communication habits

10 Ways to Become a Better Communicator This Year

After coaching senior executives in their communication skills for more than three decades, I’ve observed 10 habits that set the most successful leaders apart from the rest.

These communication behaviors, habits, and styles may help you in the coming year as you strive to inspire your team with a new vision, build stronger loyalty among clients, close bigger deals, find a more appropriate and meaningful career, or even expand your influence in the world at large.

Big goals, right? Well, better communication swings the door wide open.


10 Communication Tips for the New Year

  1. Successful communicators listen for areas of agreement. Unsuccessful communicators tend to listen for areas of disagreement. Their goal seems to be to broaden a conflict rather than bridge the gap.


  1. Successful communicators listen all the way to the end. That is, they listen to a complete thought. Less successful colleagues assume they know what a speaker “is driving at” so they interrupt often, talk over the speaker, and consequently miss much of the message.


  1. Successful communicators practice focused attention. Their less successful coworkers often set themselves up for failure. They become easily distracted with email, texts, or passers-by.  As they try to multitask (which, of course, is simply rapid attention switching), their mind wanders off topic—again missing key information.


  1. Successful communicators take notes on what they read and hear—in meetings, phone calls, podcasts. Their less successful colleagues typically assume they’ll remember what they read, see, or hear, and seldom make notes or recap after the fact. Or if they do make notes, their purpose is often only to refute rather than reflect on the other person’s points or argument.


  1. Successful communicators ask probing questions to understand the other person’s needs, goals, or concerns about a decision or an agreement. Less successful communicators spend far more conversational time focused on stating their own needs, goals, and concerns rather than trying to understand the other person’s viewpoint and values.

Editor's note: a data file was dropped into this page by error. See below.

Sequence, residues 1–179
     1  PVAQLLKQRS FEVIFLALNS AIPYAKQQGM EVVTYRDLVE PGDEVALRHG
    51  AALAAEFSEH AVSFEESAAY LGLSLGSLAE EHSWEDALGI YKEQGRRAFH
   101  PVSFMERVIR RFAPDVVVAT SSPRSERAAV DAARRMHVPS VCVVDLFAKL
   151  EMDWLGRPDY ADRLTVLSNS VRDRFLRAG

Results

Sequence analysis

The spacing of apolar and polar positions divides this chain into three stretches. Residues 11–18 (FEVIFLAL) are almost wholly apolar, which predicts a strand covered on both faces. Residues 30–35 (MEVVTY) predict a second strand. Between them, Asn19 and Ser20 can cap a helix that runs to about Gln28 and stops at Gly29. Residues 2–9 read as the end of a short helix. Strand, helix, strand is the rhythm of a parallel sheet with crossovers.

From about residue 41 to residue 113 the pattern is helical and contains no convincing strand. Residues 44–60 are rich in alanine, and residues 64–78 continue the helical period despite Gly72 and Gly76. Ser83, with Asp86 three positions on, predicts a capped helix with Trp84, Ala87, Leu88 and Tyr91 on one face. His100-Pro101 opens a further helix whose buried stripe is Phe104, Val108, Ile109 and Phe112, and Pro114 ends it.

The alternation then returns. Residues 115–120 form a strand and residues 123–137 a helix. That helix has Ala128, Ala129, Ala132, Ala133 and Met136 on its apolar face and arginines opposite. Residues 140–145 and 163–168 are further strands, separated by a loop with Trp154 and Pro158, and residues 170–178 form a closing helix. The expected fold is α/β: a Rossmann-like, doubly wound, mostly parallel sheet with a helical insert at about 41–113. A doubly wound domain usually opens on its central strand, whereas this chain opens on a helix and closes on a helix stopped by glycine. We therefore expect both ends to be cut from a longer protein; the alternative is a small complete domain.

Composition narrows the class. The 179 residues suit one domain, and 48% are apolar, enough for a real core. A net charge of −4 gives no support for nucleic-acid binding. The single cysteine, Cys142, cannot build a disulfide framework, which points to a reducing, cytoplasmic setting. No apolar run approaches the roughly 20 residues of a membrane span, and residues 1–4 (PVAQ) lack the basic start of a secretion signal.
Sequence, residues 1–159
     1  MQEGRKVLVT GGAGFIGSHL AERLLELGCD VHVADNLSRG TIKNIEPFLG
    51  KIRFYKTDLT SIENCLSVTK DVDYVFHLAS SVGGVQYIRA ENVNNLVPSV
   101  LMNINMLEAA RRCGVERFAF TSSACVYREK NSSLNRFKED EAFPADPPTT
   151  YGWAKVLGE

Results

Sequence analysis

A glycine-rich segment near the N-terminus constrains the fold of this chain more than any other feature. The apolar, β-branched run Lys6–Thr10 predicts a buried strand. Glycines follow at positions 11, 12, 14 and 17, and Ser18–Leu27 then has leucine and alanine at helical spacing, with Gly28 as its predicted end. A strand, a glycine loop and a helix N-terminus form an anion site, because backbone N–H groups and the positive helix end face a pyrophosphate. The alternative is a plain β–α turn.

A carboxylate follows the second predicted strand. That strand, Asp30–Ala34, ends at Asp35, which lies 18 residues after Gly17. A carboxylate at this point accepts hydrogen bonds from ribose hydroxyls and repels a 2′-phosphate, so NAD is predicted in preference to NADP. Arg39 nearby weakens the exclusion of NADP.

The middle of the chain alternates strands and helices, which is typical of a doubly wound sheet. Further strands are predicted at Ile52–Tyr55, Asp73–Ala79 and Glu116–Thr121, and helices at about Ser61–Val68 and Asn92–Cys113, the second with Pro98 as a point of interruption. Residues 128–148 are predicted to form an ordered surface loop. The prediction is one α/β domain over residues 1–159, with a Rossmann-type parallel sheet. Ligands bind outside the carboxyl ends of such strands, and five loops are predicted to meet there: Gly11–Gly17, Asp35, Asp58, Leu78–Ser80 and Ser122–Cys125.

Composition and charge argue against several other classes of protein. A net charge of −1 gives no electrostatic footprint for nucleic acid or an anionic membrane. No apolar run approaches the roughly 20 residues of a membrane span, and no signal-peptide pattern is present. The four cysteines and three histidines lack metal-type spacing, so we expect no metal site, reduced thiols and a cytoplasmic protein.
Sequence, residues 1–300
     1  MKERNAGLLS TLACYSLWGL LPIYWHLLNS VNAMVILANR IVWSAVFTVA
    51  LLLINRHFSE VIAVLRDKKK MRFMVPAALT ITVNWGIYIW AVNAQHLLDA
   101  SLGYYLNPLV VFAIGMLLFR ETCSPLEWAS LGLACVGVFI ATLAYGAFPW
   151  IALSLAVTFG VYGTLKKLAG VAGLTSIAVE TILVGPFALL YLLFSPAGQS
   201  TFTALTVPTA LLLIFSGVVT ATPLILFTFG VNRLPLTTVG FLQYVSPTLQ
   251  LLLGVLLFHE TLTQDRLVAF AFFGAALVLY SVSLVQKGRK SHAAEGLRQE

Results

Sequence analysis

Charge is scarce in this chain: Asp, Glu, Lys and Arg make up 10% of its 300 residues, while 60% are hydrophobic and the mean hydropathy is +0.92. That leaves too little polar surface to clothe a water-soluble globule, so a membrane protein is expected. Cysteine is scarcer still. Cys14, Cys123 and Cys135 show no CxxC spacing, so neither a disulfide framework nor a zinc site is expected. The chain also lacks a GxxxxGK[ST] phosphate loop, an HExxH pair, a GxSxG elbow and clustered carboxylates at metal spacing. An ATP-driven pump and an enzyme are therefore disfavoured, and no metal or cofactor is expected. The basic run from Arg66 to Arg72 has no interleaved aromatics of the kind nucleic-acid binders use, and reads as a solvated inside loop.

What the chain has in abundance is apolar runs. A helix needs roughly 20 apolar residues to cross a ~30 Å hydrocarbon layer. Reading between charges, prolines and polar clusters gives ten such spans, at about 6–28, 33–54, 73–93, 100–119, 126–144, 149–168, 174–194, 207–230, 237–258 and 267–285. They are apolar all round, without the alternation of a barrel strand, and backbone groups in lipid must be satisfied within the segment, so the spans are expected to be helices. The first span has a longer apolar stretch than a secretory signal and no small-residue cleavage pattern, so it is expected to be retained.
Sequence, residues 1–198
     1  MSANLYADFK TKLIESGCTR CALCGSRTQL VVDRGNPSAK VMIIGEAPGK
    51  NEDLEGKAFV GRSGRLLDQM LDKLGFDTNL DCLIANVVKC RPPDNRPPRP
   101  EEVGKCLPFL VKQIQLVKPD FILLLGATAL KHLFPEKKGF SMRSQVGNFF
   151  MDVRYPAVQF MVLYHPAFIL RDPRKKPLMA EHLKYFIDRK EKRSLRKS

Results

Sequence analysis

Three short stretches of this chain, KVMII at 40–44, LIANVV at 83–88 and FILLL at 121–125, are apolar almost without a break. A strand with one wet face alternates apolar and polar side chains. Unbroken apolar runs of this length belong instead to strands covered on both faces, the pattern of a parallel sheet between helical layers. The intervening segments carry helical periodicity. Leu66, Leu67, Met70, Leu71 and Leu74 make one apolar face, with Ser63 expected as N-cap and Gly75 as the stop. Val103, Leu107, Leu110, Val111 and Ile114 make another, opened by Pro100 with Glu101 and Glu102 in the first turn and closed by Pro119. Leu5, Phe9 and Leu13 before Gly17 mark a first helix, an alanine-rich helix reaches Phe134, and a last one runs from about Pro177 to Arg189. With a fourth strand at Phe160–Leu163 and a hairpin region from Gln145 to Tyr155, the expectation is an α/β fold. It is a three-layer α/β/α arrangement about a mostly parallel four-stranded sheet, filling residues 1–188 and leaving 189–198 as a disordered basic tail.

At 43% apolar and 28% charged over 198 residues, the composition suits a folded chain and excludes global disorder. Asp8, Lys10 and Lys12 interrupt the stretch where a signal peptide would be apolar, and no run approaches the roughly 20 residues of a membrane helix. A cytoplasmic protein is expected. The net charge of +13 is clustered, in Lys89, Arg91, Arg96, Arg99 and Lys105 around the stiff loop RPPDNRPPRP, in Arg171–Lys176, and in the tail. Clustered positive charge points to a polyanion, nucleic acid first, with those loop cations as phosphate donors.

1. Successful communicators clarify their understanding of the facts and a situation before drawing conclusions. The less successful jump to conclusions based on assumptions and before gathering sufficient information.


  1. Successful communicators read body language well. They also acknowledge that they’re listening  (with eye contact, facial expressions, note-taking, appropriate follow-up questions).  The less experienced communicator pays little attention to body language—his or her own or the other person’s. Weak communicators rely solely on the words spoken, often missing the real message.


  1. Successful communicators can be comfortable with silence; they listen far more than they talk—especially during negotiations. They know that silence invites other people to speak their mind, to give unsolicited but valuable feedback, to provide hard-to-discover information about themselves and their organization. Unseasoned communicators become rattled with silence; they talk more than they listen, giving away far too much information and failing to gather data and answers they need to negotiate successfully.


  1. Successful communicators stay calm and controlled even in heated discussions. Their less successful colleagues get agitated in tough discussions and react emotionally.  In an emotional outburst (anger or hurt pride or desperation), they make illogical decisions or take short-sighted actions—only to regret the results later.


  1. Successful communicators identify alignments (acquaintances, partnerships, referrals) to make assessments and look for mutual opportunities in other ventures. Their less successful colleagues either fail to pick up on these tidbits of information or tune them out as irrelevant to the specific discussion at hand. In short, the less seasoned communicators consider day-to-day interactions as transactional conversations. They miss the bigger opportunity to build a relationship for mutual long-term benefit.


A new job, better working conditions, a new partnership, a stronger marriage—consider how better communication can put you on a smoother or more profitable path this year.


Looking for tips on how to improve your online communication? Read my article 18 Ways to Increase Executive Presence in Zoom Meetings at Team Building Hub.


Learn more ways to improve your communication in the new year with Communicate With Confidence!: How to Say It Right the First Time and Every Time.

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